For the third time in a few months, George has been asked to approve an exceptional salary increase for an outstanding employee, this time a relatively recent appointment. Frank managed a Stakeholder Relationship Management (SRM) team to which Helen had been recently recruited, and was already proving a high performer with excellent skills. Though she had less experience in resource allocation, she had succeeded in significantly advancing the development of resource allocation plans that had failed on three previous attempts. Helen had already expressed her appreciation for flexible working hours, but given that she was recently divorced with two young children, Frank knew she needed the extra money and that she had been offered a higher-paid job with a private company. There was a strong case to approve an exceptional salary increase, but George was also aware that other team members, and more senior team leaders, might consider that they also merited such an increase. But with fixed baseline budgets to adhere to, such increases would eventually translate to fewer employees at a time when SRM’s overall workload was already increasing. George not only had to decide whether to request authorisation for negotiation of a higher salary, but also had to devise a strategy to retain key SRM employees.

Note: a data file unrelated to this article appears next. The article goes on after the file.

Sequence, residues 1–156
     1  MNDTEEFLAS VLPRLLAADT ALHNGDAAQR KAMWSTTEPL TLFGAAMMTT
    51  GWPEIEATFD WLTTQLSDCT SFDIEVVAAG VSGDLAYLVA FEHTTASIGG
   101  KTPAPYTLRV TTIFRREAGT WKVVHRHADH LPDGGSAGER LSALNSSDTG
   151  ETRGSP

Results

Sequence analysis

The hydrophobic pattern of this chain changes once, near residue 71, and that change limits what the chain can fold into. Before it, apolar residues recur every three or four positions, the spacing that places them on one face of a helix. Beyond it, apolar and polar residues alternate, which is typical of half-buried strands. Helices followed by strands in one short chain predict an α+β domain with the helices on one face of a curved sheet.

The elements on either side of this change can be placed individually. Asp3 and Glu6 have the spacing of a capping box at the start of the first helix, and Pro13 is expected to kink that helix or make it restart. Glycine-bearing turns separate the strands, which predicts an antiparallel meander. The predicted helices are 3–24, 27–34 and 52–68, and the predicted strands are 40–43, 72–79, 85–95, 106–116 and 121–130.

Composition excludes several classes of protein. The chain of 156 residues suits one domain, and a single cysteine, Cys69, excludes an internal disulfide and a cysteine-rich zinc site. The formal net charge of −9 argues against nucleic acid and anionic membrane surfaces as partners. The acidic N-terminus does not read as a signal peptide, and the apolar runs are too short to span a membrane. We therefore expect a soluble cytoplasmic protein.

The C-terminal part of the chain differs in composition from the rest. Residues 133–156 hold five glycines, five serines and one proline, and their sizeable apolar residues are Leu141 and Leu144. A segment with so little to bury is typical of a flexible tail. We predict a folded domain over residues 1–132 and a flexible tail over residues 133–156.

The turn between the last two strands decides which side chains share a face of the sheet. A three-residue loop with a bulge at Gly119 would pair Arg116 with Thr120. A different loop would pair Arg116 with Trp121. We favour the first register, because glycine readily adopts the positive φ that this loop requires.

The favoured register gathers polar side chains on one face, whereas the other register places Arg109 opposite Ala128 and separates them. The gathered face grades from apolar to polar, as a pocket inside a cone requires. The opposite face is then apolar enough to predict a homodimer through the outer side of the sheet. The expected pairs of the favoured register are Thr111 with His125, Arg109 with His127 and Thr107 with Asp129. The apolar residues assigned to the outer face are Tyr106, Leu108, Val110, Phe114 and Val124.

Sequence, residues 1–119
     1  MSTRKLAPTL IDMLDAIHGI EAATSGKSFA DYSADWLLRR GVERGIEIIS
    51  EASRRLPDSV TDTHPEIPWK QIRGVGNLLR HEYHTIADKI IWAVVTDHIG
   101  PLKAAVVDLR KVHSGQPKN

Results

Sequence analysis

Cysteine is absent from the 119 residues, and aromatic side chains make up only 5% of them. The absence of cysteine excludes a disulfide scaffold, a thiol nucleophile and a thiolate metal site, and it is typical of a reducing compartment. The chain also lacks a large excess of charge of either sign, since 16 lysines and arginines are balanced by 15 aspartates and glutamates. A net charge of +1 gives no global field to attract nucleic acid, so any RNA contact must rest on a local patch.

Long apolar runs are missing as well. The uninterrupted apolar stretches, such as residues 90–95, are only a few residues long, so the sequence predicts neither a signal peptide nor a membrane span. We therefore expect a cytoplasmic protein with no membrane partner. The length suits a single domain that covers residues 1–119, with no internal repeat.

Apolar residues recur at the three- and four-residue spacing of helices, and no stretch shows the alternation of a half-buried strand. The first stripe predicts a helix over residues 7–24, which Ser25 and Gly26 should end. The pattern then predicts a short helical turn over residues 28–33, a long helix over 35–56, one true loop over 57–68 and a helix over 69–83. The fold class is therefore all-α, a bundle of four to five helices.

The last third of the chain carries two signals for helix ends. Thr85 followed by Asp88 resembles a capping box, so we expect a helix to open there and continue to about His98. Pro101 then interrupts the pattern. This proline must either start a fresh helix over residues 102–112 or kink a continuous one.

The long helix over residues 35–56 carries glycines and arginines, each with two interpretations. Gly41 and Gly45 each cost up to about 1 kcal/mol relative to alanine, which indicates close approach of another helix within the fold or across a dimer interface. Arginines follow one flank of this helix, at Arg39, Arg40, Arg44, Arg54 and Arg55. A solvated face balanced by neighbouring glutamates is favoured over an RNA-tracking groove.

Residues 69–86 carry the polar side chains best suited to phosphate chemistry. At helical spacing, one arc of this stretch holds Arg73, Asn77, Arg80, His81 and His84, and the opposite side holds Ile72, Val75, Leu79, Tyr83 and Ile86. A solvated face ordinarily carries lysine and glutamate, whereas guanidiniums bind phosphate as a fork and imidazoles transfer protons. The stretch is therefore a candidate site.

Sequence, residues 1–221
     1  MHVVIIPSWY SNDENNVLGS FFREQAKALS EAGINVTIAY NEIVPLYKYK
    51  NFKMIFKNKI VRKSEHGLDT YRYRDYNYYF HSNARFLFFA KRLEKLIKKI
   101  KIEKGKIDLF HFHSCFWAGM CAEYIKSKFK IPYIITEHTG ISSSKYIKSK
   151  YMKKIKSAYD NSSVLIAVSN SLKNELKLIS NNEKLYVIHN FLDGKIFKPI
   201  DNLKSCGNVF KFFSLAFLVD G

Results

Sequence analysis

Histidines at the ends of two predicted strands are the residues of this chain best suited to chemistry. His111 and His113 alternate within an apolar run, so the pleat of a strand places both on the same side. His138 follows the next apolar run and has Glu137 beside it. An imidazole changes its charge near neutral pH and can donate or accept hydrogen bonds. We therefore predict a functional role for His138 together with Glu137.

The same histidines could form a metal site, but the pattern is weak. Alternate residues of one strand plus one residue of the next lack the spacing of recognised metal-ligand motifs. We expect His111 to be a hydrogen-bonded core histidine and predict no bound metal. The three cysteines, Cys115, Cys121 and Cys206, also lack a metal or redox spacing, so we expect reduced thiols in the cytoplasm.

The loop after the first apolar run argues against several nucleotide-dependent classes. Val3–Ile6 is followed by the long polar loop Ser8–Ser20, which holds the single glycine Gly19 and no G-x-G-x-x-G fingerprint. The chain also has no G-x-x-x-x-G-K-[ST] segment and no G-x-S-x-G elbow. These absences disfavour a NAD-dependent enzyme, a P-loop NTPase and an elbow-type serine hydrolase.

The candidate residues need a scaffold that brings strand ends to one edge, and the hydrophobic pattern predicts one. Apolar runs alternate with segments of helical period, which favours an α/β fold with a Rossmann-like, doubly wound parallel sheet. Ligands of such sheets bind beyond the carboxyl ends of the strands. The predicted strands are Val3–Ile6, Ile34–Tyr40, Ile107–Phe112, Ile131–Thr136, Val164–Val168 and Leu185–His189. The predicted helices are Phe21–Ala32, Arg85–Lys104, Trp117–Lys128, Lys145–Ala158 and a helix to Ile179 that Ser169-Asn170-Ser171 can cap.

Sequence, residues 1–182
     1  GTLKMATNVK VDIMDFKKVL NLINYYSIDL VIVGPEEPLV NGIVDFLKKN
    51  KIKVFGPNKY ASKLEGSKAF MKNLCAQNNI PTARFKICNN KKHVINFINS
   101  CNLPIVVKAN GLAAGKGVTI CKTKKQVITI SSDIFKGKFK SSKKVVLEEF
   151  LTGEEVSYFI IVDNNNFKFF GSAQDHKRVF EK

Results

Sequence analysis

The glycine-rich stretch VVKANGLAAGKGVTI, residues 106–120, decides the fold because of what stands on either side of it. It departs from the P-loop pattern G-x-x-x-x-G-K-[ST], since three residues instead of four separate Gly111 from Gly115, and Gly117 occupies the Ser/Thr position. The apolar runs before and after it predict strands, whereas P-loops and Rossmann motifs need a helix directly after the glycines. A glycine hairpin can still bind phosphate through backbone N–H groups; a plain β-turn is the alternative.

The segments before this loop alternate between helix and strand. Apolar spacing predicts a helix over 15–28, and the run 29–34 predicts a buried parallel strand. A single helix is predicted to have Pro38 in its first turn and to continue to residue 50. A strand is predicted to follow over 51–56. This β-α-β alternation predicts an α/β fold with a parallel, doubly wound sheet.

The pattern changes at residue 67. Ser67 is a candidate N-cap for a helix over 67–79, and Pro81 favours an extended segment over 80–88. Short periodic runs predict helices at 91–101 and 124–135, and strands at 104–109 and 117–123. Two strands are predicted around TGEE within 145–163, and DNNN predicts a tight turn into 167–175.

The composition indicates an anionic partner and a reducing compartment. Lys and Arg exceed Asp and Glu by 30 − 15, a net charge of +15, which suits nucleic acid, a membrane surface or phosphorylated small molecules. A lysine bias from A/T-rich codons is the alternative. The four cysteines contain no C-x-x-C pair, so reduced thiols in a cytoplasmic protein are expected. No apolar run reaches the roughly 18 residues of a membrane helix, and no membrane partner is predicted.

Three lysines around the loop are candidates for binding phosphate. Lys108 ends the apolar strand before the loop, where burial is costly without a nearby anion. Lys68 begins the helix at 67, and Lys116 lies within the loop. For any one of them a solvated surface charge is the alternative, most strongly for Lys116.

This case prompts discussion of the need and reasons for HR policies to include a retention strategy. It also highlights issues such as rewarding new vs long-serving staff, and singling out special performance without creating a precedent. The vignette-length case was originally developed for a post-graduate HRM course.
- Authors: Janet Tyson
- Published Date: 19 October 2009
- Author Institution: Victoria University of Wellington
- Content Length: 3
- Product Type: Case with teaching note, Primary resources, Short story